Nexus 6P is the bigger of Google’s two new smartphones – a direct replacement for last year’s Nexus 6. But while both phones are big, powerful beasts, they don’t have much in common; even the company that makes them has changed (Nexus 6P is made by Huawei, while the 6 was made by Motorola). So let’s see what difference a year, and a new manufacturer, makes.
Huawei has taken a much more angular route with the design of the Nexus 6P than Motorola did with the Nexus 6. The squarer, flatter design looks much more modern, and we like it. The only thing that’s a bit off-putting at first is the unusual camera hump on the 6P, but at least it stretches right across the phone so it doesn’t rock when you put it on a table.
The improved design of the Nexus 6P is topped off by a full metal build and a much slimmer profile. Together, these design choices make the new Nexus feel much better to hold than the Nexus 6.
On paper, there’s not been much change in the screen department. The Nexus 6P’s display is a quarter of an inch smaller than the one on the Nexus 6, but that’s the only spec difference, with both showing stunning Quad HD detail so movies and games look brilliant.
Putting the screens side-by-side, however, you do notice a small boost in brightness and slightly better colours on the Nexus 6P. It’s exactly the sort of small improvements you’d expect to see on a new phone.
One of the best things about each new Nexus is that it comes with new Android software. With the Nexus 6P, you get Android 6 Marshmallow, which brings plenty of performance improvements and bug fixes as well as some big new features.
Our favourite thing is Now on Tap. This brings Google’s contextual help to any app, so if you get a text from a friend asking if you want to go to the cinema, you can press and hold the home button to get local movie listings, find your nearest cinema and more, instantly. On the Nexus 6, Google Now could only find stuff based on time of day, where you are, your emails and your pre-selected interests.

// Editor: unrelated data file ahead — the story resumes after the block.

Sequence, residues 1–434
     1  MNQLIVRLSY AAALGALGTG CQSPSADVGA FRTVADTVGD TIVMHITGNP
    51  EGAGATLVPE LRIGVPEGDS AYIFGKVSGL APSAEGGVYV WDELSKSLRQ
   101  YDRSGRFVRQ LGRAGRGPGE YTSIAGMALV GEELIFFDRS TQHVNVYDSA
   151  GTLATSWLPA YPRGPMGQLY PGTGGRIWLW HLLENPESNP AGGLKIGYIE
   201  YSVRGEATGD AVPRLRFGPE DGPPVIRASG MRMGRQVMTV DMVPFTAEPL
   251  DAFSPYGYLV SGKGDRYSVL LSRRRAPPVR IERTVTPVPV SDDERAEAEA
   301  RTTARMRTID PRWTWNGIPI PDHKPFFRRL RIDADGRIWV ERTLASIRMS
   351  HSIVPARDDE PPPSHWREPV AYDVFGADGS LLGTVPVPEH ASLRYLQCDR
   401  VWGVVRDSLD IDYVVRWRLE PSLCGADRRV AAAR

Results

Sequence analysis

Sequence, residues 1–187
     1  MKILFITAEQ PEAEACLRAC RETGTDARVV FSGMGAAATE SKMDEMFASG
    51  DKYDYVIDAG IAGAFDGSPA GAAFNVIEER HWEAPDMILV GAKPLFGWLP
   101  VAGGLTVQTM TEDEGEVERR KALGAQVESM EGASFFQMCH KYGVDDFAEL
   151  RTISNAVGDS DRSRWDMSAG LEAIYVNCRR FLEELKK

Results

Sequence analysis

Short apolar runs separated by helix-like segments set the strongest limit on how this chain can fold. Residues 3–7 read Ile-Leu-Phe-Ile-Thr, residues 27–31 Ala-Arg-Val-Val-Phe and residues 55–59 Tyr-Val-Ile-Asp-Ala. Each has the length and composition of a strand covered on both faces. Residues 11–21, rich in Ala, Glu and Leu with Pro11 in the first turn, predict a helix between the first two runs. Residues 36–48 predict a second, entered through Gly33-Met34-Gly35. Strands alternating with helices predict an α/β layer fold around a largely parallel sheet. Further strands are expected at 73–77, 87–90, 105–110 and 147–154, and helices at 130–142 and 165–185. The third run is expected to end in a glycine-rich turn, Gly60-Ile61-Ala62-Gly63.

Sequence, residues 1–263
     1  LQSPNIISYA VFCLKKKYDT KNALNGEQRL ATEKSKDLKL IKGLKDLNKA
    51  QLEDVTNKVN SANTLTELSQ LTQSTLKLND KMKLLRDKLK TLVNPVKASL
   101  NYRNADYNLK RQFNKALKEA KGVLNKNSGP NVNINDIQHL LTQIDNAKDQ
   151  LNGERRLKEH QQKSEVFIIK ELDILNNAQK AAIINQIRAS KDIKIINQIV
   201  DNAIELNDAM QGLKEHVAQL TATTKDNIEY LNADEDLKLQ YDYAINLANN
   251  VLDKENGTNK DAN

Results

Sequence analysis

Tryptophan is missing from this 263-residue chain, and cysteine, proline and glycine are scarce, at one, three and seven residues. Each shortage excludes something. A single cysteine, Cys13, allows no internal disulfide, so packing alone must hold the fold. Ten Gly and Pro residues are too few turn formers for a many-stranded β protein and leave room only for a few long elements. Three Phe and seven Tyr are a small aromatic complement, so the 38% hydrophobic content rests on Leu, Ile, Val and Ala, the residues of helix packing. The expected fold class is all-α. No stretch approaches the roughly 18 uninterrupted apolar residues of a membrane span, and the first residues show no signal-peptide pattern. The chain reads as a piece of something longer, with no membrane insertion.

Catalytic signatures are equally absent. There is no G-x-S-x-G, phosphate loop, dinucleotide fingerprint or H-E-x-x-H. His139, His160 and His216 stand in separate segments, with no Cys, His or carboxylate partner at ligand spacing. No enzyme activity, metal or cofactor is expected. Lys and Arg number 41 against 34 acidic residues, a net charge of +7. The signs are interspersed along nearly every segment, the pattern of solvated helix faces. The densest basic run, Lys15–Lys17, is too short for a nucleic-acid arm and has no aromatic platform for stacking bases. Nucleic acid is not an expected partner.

Doze is another big feature of Android Marshmallow. It detects when the phone’s not in use and then puts it into a really deep sleep. Apps stop updating (although you can choose ones you want to keep running) so you’ll only get calls and texts, which saves a lot of battery.
There’s a lot more that the new software can do, so check out our Android Marshmallow article to see what else is new.
When it comes to taking photos, the two phones have very different cameras. The resolution has actually been dropped slightly on the Nexus 6P, from 13MP to 12.3MP. Optical image stabilisation has gone, and the unusual ring flash of the Nexus 6 has been replaced by a more conventional dual LED setup.
Despite all this change, the Nexus 6P actually takes better photos because it has much bigger pixels that let in more light. Colours look better, especially in awkward indoor lighting, and when you zoom in on your shots things look sharper.
The only thing that we really miss is the optical image stabilisation when shooting video. It makes things look much smoother on the Nexus 6.
The Nexus 6P has pulled off a battery miracle – even though it’s thinner and smaller than the Nexus 6, the battery is actually bigger. With more than 7% extra capacity, a smaller screen to power, a more efficient processor and the new Android Marshmallow software, the Nexus 6P will comfortably outlast the Nexus 6.
Both the Nexus 6P and Nexus 6 have been designed to showcase the best of Android, and to make the most of its 1.5 million+ apps you need plenty of power. The Nexus 6P, therefore, has a brand new eight core processor that’s better for multitasking than the quad core processor of the Nexus 6, and is more efficient too.
There’s also a brand new GPU (Graphics Processing Unit) that ensures games and movies run more smoothly and can be shown in the best possible quality.
As you could probably guess, the Nexus 6P is a big upgrade over the Nexus 6. Every part of the new phone has been improved, which means it can compete with the other sensational smartphones of 2015.
If you like the sound of the Nexus 6P, pre-order yours now.